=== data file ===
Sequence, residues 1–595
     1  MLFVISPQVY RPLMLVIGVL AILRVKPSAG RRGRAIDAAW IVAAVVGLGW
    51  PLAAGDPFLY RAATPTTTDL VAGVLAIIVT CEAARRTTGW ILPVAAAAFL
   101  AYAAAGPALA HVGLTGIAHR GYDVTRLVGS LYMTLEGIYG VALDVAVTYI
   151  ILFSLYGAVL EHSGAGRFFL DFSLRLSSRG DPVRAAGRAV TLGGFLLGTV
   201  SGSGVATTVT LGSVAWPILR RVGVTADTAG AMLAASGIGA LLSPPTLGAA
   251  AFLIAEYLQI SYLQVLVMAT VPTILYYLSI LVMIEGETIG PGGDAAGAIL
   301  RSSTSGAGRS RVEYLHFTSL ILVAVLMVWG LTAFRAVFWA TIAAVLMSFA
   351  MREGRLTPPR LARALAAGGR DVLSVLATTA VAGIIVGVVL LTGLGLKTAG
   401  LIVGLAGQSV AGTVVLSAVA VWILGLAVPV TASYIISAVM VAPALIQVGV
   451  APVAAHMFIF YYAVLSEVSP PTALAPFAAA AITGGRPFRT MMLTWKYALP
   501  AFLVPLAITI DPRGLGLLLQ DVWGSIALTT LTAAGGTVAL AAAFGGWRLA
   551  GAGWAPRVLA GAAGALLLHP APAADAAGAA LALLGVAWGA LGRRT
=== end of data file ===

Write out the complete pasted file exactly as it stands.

Sequence, residues 1–595
     1  MLFVISPQVY RPLMLVIGVL AILRVKPSAG RRGRAIDAAW IVAAVVGLGW
    51  PLAAGDPFLY RAATPTTTDL VAGVLAIIVT CEAARRTTGW ILPVAAAAFL
   101  AYAAAGPALA HVGLTGIAHR GYDVTRLVGS LYMTLEGIYG VALDVAVTYI
   151  ILFSLYGAVL EHSGAGRFFL DFSLRLSSRG DPVRAAGRAV TLGGFLLGTV
   201  SGSGVATTVT LGSVAWPILR RVGVTADTAG AMLAASGIGA LLSPPTLGAA
   251  AFLIAEYLQI SYLQVLVMAT VPTILYYLSI LVMIEGETIG PGGDAAGAIL
   301  RSSTSGAGRS RVEYLHFTSL ILVAVLMVWG LTAFRAVFWA TIAAVLMSFA
   351  MREGRLTPPR LARALAAGGR DVLSVLATTA VAGIIVGVVL LTGLGLKTAG
   401  LIVGLAGQSV AGTVVLSAVA VWILGLAVPV TASYIISAVM VAPALIQVGV
   451  APVAAHMFIF YYAVLSEVSP PTALAPFAAA AITGGRPFRT MMLTWKYALP
   501  AFLVPLAITI DPRGLGLLLQ DVWGSIALTT LTAAGGTVAL AAAFGGWRLA
   551  GAGWAPRVLA GAAGALLLHP APAADAAGAA LALLGVAWGA LGRRT